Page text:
Appeal from the Order of the Unemployment Compensation Board of Review in case of In Re: Claim of Tosca Affinito, No. B-131362.
Thomas B. Kostolansky, for appellant.
George O. Phillips, Assistant Attorney General, with him Robert P. Kane, Attorney General, for appellee.
Judges Crumlish, Jr., Kramer and Rogers, sitting as a panel of three. Opinion by Judge Crumlish, Jr.
[ 29 Pa. Commw. Page 521]
Claimant, Tosca Affinito, was last employed by Domora Sportswear as a coat turner until February 18, 1975, her last day of work. Due to an injury which prevented Claimant from lifting, she did not report to work on February 19 and remained absent until July 16, 1975. Claimant did not report her status of recovery to the employer, but rather felt it necessary to report to her union the progress of her rehabilitation. Upon her return to work on July 16, she learned that she had been dropped from the employment rolls.
[ 29 Pa. Commw. Page 522]
The referee found as fact that company policy requires employees on sick leave to present a doctor's certificate once a month during the extended period of leave and that Claimant was, in fact, aware of the policy but failed to conform to it.
On the basis of the foregoing, the referee denied benefits pursuant to Section 402(b)(1) of the Unemployment Compensation Law,*fn1 and the Unemployment Compensation Board of Review affirmed the denial. Hence, this appeal.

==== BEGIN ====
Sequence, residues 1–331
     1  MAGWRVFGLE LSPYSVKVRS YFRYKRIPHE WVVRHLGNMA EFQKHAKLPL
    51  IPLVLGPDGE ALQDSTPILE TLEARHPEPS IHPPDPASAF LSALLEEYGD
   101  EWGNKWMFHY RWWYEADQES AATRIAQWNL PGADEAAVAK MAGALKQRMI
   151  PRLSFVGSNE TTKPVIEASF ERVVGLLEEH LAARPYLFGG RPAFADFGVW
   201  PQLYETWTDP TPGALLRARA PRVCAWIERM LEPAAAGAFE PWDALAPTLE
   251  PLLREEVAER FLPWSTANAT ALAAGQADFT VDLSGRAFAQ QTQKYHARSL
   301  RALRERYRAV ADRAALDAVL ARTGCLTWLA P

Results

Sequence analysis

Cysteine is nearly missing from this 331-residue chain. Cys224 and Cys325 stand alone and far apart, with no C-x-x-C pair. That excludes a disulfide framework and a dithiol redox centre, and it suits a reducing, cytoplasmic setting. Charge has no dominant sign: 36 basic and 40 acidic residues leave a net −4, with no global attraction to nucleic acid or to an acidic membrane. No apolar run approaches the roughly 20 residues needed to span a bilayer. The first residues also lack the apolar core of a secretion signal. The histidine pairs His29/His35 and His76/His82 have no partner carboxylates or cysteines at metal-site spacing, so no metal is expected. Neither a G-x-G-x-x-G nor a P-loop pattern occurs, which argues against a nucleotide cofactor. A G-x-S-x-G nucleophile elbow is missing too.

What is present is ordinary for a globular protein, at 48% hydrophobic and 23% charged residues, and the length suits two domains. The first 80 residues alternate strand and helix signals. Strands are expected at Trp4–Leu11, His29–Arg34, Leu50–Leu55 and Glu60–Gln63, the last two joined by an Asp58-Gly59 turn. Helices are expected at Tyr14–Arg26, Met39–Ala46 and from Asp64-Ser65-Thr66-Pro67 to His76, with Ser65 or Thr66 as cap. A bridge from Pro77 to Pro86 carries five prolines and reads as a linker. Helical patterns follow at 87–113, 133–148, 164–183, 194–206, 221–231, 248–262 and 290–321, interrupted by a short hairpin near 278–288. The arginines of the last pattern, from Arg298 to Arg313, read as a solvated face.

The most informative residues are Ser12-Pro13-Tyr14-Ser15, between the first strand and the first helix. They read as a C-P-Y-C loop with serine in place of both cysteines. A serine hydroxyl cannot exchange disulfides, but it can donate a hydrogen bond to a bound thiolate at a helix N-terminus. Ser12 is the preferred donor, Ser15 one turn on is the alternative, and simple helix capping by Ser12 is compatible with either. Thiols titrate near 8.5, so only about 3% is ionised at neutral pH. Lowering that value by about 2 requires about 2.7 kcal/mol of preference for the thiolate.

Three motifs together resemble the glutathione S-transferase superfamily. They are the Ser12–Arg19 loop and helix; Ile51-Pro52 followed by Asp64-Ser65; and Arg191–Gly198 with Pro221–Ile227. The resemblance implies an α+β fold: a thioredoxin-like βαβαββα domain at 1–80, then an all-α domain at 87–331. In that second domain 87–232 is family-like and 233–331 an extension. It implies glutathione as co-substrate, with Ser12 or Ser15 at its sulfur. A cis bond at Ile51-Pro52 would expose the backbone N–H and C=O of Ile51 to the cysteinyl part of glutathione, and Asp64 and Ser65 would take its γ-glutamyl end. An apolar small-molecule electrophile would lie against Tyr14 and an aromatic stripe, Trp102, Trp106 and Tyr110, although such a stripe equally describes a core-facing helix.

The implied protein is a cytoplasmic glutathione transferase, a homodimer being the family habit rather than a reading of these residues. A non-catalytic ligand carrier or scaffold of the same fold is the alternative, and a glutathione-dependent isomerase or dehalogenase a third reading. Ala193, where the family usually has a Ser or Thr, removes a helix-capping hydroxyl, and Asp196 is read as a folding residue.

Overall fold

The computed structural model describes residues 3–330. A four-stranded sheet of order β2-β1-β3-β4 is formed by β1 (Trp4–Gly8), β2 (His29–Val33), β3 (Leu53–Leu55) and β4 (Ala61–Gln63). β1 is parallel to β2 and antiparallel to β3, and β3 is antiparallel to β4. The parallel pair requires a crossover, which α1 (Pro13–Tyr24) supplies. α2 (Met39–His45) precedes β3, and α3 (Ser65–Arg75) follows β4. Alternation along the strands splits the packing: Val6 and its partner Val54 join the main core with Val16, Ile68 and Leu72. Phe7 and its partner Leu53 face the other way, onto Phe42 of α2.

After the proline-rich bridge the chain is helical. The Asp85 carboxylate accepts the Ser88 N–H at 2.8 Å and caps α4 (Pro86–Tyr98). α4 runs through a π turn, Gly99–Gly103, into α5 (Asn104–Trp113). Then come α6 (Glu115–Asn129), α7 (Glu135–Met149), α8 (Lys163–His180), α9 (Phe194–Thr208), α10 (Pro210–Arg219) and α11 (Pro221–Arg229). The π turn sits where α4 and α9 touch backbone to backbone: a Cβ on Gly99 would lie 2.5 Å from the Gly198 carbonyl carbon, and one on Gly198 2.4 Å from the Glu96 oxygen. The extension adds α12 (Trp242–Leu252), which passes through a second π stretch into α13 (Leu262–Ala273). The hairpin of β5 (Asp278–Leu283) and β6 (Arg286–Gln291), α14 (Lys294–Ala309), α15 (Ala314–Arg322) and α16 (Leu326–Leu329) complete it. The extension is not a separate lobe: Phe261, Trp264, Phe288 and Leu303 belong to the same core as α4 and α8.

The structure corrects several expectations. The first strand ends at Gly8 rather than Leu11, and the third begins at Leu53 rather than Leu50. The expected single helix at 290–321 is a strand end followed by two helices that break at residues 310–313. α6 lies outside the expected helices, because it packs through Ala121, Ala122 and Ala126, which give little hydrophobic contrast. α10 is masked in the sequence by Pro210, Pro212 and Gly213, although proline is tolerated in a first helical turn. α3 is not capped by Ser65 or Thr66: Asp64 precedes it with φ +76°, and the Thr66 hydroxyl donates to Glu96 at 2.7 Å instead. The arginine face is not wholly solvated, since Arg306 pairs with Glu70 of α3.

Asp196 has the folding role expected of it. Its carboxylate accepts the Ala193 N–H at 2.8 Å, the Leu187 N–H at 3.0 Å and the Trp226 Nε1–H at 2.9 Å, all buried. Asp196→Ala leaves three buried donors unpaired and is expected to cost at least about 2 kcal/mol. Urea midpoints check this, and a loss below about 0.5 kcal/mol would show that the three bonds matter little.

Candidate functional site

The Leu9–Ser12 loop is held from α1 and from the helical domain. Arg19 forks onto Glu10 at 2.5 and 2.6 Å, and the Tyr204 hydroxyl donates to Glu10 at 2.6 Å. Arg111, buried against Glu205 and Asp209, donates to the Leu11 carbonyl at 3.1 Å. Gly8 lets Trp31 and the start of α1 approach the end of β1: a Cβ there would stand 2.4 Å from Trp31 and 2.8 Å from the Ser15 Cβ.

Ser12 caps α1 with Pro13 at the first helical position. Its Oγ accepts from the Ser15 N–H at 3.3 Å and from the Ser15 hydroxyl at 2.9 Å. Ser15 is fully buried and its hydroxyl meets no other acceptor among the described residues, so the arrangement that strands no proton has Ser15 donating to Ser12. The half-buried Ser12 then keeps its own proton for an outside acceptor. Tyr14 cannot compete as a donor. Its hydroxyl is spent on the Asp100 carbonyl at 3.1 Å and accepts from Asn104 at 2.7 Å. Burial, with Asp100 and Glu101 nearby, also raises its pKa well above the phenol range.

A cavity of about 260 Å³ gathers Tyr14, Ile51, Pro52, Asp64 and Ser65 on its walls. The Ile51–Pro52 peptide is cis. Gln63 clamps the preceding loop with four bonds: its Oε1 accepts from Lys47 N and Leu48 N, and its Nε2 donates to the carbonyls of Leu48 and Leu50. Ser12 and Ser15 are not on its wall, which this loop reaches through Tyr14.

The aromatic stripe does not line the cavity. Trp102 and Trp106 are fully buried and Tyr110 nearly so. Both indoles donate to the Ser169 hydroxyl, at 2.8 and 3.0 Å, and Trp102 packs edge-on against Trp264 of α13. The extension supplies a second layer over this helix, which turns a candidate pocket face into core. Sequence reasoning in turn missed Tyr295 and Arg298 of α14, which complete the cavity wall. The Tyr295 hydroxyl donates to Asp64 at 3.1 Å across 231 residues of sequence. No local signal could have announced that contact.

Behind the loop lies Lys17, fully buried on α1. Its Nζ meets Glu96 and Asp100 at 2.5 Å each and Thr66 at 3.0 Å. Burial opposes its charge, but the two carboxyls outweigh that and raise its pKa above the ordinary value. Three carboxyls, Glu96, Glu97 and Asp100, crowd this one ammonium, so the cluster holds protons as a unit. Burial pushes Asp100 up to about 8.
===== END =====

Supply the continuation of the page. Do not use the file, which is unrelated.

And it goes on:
The thrust of the Board's argument in support of its holding, with which we concur, is that by failing to follow the company policy of informing the company of the progress and condition of an employee on sick leave, Claimant failed to take even the minimal steps necessary to maintain the employment relationship. This is especially true when an employee is aware of the method by which she can maintain the viability of the employment relationship (contacting the employer concerning her physical improvement) and chooses, for whatever reasons, not to do so when the means of doing so are readily available and accessible. Contacting of a union in the employer's stead,*fn2 under the instant facts, does not show a level of
[ 29 Pa. Commw. Page 523]
diligence sufficient to warrant a legal finding of attempts to maintain the employment relationship.
Finally, Claimant alleges procedural error and denial of due process in that the employer never presented any direct evidence upon which the referee or Board could base their findings. The short answer to this quite simply is that it was Claimant's duty to shoulder the burden of proof, before both the referee and Board and this she failed to do. Notwithstanding this proposition, substantial and competent ...